Her enjoyment of science was a driving force in Margit's education. In high school courses like biology, advanced biology, chemistry and physics were all influential in her career choice as a biochemist. Her father was a high school teacher and was friends with the biology teacher at her school. That teacher used to bring her slides with samples on them. She would examine them with her own personal microscope and enjoyed the scientific inquiry involved in it.
Work Experiences and Internships:
Although she knew she was interested in a science career, in high school Margit wasn't presented with many opportunities for work experiences in this area. Instead, she concentrated on her high school science classes.
Activities and Organizations:
Running on the cross-country and track teams was a big part of Margit's high school career. These types of activities can teach teamwork and discipline and are valuable components in helping students realize they can reach goals. In a science career such as biochemistry, goals are constantly set. Meeting those goals and finding new and different ways to do it is what it's all about. Margit also suggests becoming a member of an Future Farmers of America (FFA) organization (http://www.ffa.org). She has seen students from this organization tour her company and feels that being a part of it may be a good way to educate students in agriculture and biotechnology.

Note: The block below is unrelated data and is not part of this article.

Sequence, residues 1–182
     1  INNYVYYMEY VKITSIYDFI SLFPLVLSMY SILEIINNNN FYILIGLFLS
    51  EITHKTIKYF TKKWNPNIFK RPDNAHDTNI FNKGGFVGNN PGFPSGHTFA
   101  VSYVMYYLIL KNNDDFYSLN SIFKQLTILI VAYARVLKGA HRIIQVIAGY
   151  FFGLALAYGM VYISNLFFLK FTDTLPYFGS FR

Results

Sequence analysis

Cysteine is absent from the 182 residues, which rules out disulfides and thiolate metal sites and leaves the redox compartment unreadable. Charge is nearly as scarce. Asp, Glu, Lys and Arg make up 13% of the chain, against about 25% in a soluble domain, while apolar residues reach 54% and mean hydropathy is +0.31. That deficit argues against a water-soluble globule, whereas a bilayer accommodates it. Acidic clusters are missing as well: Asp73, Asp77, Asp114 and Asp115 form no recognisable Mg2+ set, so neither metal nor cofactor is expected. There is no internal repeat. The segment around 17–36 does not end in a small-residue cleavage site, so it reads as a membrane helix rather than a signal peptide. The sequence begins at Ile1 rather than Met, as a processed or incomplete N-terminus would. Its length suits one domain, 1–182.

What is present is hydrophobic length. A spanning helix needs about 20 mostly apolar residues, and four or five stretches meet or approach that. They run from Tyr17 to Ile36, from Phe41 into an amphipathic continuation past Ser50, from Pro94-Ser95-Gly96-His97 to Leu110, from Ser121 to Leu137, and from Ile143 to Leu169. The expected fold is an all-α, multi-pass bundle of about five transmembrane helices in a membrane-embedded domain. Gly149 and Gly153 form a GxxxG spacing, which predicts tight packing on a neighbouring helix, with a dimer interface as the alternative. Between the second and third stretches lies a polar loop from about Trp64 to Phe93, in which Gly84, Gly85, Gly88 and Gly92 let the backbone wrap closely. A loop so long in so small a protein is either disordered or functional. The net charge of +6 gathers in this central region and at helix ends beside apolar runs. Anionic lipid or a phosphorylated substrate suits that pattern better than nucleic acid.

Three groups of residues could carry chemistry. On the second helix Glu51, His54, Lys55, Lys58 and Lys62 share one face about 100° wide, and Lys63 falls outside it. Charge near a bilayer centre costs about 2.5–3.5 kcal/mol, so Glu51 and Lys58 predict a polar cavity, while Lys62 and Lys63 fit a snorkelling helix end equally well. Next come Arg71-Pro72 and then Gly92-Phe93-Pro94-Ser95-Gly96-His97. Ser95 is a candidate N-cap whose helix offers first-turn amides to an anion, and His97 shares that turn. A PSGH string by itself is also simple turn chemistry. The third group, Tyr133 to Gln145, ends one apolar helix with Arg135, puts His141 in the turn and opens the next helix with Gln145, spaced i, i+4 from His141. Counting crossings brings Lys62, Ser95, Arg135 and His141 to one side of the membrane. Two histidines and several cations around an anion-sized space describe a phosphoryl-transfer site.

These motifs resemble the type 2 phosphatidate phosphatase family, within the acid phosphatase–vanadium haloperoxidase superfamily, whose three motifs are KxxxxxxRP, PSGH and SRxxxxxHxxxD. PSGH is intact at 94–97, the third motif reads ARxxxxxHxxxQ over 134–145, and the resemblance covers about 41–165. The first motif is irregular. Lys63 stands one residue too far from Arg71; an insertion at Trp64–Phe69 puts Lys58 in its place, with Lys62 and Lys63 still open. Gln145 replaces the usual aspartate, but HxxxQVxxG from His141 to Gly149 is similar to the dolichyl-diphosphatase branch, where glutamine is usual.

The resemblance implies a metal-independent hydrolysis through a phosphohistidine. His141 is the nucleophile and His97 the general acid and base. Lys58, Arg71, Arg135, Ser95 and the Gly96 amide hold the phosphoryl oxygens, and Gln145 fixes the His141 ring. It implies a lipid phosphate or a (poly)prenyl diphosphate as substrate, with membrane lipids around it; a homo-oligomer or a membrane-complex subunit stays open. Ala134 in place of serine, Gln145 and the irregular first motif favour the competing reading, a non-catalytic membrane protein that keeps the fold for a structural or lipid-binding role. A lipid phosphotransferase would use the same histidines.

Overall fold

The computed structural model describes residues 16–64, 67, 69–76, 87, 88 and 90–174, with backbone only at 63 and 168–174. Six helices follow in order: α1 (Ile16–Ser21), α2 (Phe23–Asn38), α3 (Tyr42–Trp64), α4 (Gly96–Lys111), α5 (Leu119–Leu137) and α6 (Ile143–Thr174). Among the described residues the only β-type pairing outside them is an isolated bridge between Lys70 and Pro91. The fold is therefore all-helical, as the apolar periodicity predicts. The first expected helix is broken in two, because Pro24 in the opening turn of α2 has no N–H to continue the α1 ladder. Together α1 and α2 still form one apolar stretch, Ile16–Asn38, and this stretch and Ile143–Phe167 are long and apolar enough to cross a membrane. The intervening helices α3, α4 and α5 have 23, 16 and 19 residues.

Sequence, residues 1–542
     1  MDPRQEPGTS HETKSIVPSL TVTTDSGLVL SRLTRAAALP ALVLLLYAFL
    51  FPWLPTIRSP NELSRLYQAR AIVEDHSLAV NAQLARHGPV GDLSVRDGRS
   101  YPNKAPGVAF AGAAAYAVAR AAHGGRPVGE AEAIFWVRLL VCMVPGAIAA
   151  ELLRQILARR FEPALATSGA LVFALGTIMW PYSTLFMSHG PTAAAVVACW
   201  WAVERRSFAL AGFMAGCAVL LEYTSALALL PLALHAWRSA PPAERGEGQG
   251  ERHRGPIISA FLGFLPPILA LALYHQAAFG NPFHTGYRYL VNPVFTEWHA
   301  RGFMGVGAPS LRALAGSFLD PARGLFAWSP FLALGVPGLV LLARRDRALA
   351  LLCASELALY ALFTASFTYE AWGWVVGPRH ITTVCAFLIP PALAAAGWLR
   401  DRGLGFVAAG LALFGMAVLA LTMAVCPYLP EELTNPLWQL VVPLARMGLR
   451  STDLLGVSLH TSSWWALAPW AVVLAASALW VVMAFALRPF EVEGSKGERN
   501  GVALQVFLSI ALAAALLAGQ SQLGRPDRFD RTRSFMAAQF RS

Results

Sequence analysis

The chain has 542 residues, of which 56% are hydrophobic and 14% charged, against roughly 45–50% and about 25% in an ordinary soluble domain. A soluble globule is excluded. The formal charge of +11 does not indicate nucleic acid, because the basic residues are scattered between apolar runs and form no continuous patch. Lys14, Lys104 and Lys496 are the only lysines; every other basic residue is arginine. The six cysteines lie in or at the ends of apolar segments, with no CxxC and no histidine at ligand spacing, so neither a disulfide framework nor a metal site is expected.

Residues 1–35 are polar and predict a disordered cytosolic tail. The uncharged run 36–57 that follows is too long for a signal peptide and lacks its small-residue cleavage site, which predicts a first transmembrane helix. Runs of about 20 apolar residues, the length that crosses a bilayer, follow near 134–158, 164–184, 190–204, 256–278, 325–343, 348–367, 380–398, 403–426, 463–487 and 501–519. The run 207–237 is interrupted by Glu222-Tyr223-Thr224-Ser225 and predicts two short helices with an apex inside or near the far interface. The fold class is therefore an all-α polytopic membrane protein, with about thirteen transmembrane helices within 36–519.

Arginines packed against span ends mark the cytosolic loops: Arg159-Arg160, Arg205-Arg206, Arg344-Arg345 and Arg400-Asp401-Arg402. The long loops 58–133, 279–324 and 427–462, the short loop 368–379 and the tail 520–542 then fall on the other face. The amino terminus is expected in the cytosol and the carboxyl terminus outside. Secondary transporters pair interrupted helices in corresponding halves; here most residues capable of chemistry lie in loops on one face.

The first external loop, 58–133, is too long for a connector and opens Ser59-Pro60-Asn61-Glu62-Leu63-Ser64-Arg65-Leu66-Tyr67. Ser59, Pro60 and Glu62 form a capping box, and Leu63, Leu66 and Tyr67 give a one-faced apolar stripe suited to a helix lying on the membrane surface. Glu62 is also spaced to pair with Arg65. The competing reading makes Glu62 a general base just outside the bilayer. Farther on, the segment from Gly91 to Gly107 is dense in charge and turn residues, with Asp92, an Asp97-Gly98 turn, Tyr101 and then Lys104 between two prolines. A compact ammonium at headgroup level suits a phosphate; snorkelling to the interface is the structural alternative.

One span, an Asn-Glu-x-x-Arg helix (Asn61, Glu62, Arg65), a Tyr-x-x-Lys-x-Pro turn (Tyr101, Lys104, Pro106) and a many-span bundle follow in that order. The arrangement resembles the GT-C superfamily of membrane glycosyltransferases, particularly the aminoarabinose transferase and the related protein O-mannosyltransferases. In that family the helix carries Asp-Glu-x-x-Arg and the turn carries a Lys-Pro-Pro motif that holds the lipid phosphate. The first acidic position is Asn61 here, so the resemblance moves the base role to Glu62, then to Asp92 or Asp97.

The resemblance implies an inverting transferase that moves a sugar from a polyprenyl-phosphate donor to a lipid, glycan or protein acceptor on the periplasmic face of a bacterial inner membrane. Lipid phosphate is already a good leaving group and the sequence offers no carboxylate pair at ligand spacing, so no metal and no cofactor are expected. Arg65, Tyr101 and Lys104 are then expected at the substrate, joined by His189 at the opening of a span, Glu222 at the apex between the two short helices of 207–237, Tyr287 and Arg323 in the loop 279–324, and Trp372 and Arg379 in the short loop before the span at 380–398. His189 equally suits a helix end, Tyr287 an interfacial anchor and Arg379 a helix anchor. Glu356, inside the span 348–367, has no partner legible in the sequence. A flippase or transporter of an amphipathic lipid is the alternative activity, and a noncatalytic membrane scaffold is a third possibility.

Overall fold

Setbacks and Obstacles:
Acting on a suggestion from a teacher, Margit changed majors for a quarter when she was in college. But she soon realized her first love was biology, so she switched back to a biology major and hasn't regretted it since.
A career in science was always Margit's goal. Science had always been fascinating to her, and she had enjoyed it since her childhood. Biochemistry just seemed like a natural fit for her. She knew she either wanted to be a biochemist or pursue a career in the medical field. As a freshman in college, she realized she liked biology best, and the quest for scientific discovery kept her going.
In fifth grade Margit received a microscope from her parents as a gift. She was thrilled and had fun conducting her own scientific studies on blades of grass and water samples from a lake. Her mother even participated by pricking her finger and letting Margit look at the blood cells under the microscope. It was all fascinating to her, and even at that young age she knew she wanted a career in science.